Dwarf Huckleberry (Gaylussacia bigeloviana) is a short native shrub of bogs and fens. This attractive member of the Heath family (Ericaceae) has white bell-shaped flowers in June and July which become juicy black fruits by August. Dwarf Huckleberry leaves are shiny on top, are somewhat leathery, though not evergreen, and have pointed tips. Leaves are also covered with resin dots, and leaf margins are fringed with fine hairs. The fruits, too, are conspicuously covered with short hairs (note especially the green fruits pictured below) and contain crunchy seeds.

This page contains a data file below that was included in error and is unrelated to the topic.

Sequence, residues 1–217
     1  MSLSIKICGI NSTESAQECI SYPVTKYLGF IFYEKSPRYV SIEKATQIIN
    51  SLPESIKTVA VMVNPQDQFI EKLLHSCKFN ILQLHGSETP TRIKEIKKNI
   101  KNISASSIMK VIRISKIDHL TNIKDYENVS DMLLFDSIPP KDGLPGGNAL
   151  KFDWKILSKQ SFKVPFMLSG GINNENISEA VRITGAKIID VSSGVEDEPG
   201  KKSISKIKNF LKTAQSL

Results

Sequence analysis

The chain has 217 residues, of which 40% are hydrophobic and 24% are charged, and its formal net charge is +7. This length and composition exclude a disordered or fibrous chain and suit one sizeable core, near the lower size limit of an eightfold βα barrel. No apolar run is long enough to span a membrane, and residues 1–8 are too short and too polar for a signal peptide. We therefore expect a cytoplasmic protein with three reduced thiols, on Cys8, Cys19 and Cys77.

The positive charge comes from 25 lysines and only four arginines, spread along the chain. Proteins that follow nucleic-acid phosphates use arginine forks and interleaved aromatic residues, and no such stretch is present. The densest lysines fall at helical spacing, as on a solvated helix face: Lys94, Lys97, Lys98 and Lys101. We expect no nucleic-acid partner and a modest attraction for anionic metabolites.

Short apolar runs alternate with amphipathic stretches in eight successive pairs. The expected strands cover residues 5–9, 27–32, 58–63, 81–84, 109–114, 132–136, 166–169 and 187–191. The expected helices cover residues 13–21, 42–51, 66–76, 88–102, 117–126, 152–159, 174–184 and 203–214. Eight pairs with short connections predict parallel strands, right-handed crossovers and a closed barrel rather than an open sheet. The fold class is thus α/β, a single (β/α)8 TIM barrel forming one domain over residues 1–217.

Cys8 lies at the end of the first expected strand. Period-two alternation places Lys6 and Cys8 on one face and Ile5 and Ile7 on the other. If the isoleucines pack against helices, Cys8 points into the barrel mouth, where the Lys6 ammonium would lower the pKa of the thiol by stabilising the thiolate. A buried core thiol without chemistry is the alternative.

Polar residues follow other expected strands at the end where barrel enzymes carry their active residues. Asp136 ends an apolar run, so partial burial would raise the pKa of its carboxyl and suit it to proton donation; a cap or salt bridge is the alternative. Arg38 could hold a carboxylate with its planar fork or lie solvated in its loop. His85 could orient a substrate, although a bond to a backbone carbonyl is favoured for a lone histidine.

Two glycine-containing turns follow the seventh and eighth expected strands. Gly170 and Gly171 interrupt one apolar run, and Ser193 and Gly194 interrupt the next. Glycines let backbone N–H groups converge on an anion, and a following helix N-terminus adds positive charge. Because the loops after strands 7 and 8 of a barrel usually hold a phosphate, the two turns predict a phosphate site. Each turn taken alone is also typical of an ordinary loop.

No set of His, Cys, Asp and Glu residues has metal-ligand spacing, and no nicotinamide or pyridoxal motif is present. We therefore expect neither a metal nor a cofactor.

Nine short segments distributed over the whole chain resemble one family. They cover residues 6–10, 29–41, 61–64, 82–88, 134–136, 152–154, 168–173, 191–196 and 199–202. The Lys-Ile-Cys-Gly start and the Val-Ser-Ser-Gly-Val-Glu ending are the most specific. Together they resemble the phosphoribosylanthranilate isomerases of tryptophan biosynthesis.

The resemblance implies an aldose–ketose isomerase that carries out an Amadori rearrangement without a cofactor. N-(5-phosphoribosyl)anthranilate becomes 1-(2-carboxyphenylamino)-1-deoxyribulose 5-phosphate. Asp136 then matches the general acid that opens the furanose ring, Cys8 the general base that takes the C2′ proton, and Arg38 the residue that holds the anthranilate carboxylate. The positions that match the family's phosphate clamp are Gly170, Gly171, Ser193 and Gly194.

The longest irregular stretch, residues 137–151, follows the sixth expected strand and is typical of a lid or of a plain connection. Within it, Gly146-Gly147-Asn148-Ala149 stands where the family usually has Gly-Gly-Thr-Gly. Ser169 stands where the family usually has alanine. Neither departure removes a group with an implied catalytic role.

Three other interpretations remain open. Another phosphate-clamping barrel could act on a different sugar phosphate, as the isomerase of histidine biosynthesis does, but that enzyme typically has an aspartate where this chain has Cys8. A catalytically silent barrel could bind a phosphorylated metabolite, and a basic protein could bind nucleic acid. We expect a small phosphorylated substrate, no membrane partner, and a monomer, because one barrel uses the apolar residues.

Unlike Black Huckleberry, a close relative found in forests and fields nearly throughout New England, Dwarf Huckleberry has a more limited distribution. This shrub doesn't grow in Vermont, and is rare in Connecticut, Rhode Island, and New Hampshire; therefore, bogs and fens in parts of Maine and Massachusetts are where to look for this tasty wild food. (To view the following images in full-size, click here.)